–eBay’s holiday pop-up in London used “emotional tech” to power product connections, finding that on average, shoppers lost interest in holiday shopping after 32 minutes. Via Fashion and Mash.
–According to analysis from Google, Black Friday shoppers used mobile not just to shop but also to search for in-store deals. Retail foot traffic was up 65% over an average day.
–Facebook’s Instant Games feature is “baking games straight into the news feed and Messenger” in a move from WeChat’s playbook, the Wall Street Journal reports.
–Developers are fighting for market share in India’s highly competitive, $480 million gaming market, eMarketer reports.
–When did humans first become “consumers”? The Atlantic looks at the history of the concept.
–The MIT Mediated Matter group’s latest project, a complex series of 3D-printed death masks “designed to match the resolution of structures found in nature,” debuted at the opening exhibit of London’s new Design Museum. Via Dezeen.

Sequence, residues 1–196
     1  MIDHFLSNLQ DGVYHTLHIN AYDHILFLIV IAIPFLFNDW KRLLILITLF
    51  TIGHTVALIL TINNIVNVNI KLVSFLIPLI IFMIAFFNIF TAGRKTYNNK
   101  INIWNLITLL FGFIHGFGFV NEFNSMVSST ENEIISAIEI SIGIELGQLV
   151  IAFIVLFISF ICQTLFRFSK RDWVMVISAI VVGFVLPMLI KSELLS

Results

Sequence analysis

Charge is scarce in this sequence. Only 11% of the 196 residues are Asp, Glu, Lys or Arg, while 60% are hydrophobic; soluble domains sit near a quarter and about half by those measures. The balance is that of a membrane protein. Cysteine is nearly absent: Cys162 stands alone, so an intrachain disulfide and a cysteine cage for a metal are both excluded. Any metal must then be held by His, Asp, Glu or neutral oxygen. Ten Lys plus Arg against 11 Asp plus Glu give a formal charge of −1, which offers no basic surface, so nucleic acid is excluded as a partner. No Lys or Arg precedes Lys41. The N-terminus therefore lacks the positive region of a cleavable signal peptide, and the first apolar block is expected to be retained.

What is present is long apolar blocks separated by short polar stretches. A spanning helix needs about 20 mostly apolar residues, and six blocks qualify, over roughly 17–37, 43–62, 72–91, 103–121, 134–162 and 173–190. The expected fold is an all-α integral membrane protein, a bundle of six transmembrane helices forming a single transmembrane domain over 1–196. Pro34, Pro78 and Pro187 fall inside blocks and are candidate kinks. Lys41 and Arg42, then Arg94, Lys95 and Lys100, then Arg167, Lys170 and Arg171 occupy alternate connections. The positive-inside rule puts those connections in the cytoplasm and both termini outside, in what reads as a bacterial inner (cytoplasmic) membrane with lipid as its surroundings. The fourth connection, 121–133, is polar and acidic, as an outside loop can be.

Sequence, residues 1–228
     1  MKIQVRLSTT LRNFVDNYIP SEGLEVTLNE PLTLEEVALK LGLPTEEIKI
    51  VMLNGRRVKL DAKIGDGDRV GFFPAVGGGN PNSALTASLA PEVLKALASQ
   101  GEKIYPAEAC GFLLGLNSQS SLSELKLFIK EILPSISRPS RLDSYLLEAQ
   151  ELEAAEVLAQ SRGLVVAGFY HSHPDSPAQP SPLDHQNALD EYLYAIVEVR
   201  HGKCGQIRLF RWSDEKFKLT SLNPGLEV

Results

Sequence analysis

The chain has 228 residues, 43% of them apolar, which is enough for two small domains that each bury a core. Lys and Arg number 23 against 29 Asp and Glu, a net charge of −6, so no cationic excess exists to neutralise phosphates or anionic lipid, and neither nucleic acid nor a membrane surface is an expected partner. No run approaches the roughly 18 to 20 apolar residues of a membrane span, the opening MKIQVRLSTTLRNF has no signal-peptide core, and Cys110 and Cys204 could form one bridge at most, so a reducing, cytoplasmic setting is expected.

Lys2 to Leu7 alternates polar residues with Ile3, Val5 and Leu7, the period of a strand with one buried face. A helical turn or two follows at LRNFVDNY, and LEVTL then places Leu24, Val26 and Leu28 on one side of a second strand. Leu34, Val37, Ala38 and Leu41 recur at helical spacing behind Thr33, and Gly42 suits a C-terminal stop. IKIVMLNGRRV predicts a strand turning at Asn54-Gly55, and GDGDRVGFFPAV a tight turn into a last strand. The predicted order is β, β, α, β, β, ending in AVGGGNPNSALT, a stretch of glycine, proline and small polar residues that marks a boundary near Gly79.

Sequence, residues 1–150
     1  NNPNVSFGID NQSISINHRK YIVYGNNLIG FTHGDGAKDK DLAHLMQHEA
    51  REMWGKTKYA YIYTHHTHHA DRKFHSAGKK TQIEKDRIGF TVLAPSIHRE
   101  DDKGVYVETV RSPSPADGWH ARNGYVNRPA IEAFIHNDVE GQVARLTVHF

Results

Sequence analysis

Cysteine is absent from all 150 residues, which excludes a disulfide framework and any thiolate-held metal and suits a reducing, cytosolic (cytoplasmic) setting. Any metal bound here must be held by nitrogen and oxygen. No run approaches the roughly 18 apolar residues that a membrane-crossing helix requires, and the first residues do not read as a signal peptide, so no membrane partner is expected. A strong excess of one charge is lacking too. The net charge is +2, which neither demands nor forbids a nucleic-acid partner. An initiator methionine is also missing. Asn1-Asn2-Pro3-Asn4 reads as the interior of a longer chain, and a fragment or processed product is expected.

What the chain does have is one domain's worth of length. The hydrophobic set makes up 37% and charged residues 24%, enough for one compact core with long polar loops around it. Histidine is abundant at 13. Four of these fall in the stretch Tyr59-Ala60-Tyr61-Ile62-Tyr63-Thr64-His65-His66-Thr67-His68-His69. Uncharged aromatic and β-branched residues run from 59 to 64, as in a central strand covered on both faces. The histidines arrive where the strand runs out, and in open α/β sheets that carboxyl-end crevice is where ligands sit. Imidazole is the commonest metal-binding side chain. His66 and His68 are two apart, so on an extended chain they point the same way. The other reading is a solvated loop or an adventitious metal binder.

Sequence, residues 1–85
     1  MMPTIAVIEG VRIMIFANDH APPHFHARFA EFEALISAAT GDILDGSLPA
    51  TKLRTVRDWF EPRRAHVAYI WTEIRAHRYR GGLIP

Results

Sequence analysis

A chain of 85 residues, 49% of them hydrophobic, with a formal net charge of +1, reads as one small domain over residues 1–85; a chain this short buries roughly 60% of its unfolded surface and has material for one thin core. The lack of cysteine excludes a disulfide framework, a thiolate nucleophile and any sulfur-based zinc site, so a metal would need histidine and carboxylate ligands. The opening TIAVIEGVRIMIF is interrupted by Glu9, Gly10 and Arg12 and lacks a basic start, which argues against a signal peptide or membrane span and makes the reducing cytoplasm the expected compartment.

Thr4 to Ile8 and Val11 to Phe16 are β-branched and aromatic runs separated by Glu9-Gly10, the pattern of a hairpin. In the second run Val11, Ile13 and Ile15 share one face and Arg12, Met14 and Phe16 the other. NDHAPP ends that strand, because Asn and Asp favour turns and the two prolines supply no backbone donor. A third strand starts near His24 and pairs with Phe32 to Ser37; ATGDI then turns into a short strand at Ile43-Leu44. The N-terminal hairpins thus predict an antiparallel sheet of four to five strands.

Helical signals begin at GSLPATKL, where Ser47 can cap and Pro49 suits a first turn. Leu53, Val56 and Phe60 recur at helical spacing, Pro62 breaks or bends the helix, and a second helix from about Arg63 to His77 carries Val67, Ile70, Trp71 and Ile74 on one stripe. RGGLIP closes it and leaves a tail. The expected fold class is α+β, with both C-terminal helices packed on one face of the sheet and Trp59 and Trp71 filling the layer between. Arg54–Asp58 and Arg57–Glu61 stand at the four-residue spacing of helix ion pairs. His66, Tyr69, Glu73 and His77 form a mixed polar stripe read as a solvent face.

–Spotify’s latest ads tap into its vast trove of user data for a “clever, engaging way to use data to humanize technology.” Via Adweek.
–”The biggest growth within the advertising business is experiential marketing—and Broadway is an experiential brand”: Why marketers are using Broadway casts as influencers. Via the Wall Street Journal.
–McKinsey‘s latest podcast has a guide to understanding elderly urban consumers, who could drive more than half of urban consumption growth over the next 15 years.
–Yoox Net-A-Porter is creating a major new platform for online luxury retail in the Middle East to gain traction in a “strategic market.” Via Business of Fashion.
–Is this the best Christmas ad of the season? Wes Anderson goes behind the lens for a four minute H&M flick, starring Adrien Brody. Via The Verge.
–Two years after buying millennial media powerhouse Elite Daily, the Daily Mail has written down $31 million of its investment. Recode investigates.
–Several Big Tobacco companies are launching brick-and-mortar locations, the Wall Street Journal reports, marking a shift from cigarette sales to vaporizer products.